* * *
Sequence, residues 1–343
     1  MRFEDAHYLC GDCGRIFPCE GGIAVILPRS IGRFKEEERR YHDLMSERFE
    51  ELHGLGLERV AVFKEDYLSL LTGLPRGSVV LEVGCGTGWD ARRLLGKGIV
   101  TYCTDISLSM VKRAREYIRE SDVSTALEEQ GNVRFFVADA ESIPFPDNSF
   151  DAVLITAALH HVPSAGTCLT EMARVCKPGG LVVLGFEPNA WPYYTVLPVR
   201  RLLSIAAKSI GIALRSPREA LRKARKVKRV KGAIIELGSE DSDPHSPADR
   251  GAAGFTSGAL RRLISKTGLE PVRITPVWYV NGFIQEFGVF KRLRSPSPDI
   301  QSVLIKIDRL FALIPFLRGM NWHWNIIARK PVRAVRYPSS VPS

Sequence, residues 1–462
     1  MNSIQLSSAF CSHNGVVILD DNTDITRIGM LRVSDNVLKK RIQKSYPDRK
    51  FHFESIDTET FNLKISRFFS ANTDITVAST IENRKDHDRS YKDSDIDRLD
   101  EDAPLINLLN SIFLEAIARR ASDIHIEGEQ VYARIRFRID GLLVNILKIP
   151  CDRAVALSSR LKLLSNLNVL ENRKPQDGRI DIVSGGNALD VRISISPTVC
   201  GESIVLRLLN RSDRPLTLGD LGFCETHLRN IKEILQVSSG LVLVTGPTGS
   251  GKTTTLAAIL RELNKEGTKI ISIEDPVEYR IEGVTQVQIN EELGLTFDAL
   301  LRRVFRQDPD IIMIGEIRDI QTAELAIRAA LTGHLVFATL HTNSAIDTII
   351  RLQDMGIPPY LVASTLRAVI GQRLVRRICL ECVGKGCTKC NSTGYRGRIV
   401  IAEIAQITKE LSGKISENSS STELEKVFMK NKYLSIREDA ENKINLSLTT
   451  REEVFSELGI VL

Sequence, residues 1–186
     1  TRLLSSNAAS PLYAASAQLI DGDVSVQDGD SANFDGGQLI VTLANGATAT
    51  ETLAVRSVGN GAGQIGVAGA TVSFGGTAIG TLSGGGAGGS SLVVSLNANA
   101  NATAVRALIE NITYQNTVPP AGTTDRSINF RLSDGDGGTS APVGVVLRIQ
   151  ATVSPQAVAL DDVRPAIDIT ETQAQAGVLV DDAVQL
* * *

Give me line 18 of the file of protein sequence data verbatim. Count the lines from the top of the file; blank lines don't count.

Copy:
   401  IAEIAQITKE LSGKISENSS STELEKVFMK NKYLSIREDA ENKINLSLTT